The End of Bernie
In his recent State of the Union Address, President Joe Biden, despite his best efforts, put me in such a drowsy state that I was about to change the channel. The moment I decided to push the button on my remote, the camera cut away from Biden—smiling and looking lively behind his lectern—and moved to Senator Bernie Sanders, sitting in the audience appearing so crushed I was astonished. The great Bernie, former scourge of Democratic Party bigwigs, was wearing a mask, apparently to protect himself against COVID-19 but looking more like a muzzled hostage. His expression wasn’t visible, but his frustration and anguish, at once furious and pathetic, were still palpable.
Since arriving at the White House, Joe Biden has done nothing but marginalize his main rival in the Democratic Party, the one who almost thwarted Hillary Clinton’s presidential campaign in 2016, and Biden’s in 2020, both of which were designated by the leaders of a political party that is sometimes as hierarchical and vengeful as the Soviet Union’s Communist Party. In Washington, as in Moscow in the 1920s, insurgents are not forgiven, especially those who sail under an independent social-democratic flag. Ironically, Sanders’s anti-establishment success in the 2016 primaries was the consequence of the same anger that propelled billionaire heir Donald Trump to his unexpected victory. Plenty of votes for Sanders might have gone to Trump, or from Trump to Sanders, during this remarkable and brief foray into a typically closed political system. Although their plans and personalities were very different, Sanders and Trump both profited from the widespread feeling that American politics is managed by a political-financial-media oligarchy that keeps making the rich richer and ignoring ordinary people. The symbols of this oligarchy boast two famous euphemisms: “North American Free Trade Agreement” and “Permanent Normal Trade Relations with China.” Other symbols speak of the “liberation” of financial markets, along with the “liberation” of the Iraqi and Afghan people. And yet, at the start of the 2015 electoral season, even the most alienated citizens knew that the Clinton and Bush families, far from being enemies, were allies in their agendas: the large-scale dismantling of well-paid industrial jobs as well as of the protections against a predatory and greedy Wall Street, and the disregarding of the life and health of tens of thousands of young men and women lured by promises of military glory in defense of their country against foreign “terrorism.”
And here is Bernie Sanders, a victim of his own success. The “populist” spirit embodied by Sanders and Trump rejected Clinton/Bush politics wholesale, but the only real electoral winner was Trump. It’s not Sanders’s fault that Trump is a con man and a crook, or that he himself wasn’t able to stay on top of the reformist, rebel pack. There was no way he was going to become a Trump ally—in the Senate, the threat of the ogre of Mar-a-Lago being reelected caused Sanders to join forces with Democratic bigwigs. At the start of the 2020 race, these same bigwigs, backed by the New York Times and the Washington Post, found a way to stop Sanders in his second crusade. Yet despite suffering a heart attack in October 2019, Sanders almost knocked Biden out of the race by securing the majority vote in the first three primary elections before folding in South Carolina, where the state’s party leader, James Clyburn, put an end to Sanders’s dream of a Democratic Party revival and saved Biden’s campaign. Biden won most of the primaries on Super Tuesday with the tacit support of the treacherous Elizabeth Warren, another left-wing candidate who attracted enough potentially pro-Sanders votes to help Biden win. Out of principle, Sanders campaigned for Biden against Trump, but he didn’t gain anything from it.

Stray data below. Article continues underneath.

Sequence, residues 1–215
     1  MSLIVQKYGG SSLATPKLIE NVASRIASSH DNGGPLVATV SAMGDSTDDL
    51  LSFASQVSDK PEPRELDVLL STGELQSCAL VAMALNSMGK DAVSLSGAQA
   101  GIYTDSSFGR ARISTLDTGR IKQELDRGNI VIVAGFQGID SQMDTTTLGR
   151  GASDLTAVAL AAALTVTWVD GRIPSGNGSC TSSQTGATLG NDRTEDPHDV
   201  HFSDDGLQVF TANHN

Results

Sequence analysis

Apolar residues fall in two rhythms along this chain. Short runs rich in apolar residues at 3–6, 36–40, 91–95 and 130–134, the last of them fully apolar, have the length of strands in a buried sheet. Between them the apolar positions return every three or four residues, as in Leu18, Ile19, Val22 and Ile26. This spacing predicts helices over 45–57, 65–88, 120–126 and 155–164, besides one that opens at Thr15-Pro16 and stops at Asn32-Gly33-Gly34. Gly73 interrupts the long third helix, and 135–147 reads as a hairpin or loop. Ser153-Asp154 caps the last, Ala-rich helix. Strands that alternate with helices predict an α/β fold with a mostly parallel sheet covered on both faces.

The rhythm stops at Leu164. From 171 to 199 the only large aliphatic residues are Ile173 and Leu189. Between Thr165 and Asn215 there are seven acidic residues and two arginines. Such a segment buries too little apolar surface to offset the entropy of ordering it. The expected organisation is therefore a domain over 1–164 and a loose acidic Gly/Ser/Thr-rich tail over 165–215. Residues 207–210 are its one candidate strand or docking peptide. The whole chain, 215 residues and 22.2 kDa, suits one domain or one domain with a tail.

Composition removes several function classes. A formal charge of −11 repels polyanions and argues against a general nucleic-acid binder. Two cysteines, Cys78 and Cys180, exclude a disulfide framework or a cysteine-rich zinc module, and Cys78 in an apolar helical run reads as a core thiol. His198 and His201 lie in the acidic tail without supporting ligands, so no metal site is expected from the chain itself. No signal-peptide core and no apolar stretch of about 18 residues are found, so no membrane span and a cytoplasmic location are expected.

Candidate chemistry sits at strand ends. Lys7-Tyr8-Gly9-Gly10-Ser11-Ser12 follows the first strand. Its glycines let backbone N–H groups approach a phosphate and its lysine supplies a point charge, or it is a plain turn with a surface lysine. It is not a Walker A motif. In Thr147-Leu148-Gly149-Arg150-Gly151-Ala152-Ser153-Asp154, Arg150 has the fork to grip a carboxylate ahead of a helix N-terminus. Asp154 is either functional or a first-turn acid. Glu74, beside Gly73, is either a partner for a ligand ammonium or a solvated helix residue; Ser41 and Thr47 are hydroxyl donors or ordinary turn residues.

With a miniscule Democratic majority in Congress, Sanders ended up once again a hostage to the leadership against which he’d fought for decades. It’s easy and convenient to blame West Virginia Senator Joe Manchin for the failure to pass Sanders’s progressive agenda, but in fact it all suited Biden (and Senate Majority Leader Charles Schumer) just fine. Biden claimed to be the new Franklin D. Roosevelt when all he wanted was to be the president and leader of his party. The key picture of Sanders’s legislative defeat shows him, in August 2022, sitting alone on the steps of the Capitol, exhausted, his head bowed, as the Biden/Manchin/Schumer cadre passed the Inflation Reduction Act: no universal health insurance, no increase in the minimum wage, not even a restoration of the Child Tax Credit. And; of course, no surtax on billionaires.
Sanders, now 81 years old, has already promised not to run again in 2024 if Biden, himself 80, decides to stand for a second term. In case Sanders changes his mind, Clyburn and Biden have moved trusty South Carolina to first of the Democratic primaries to forestall Iowa and New Hampshire’s insubordinate tendencies. That way, there’s also less of a risk of another version of Bernie Sanders breaking through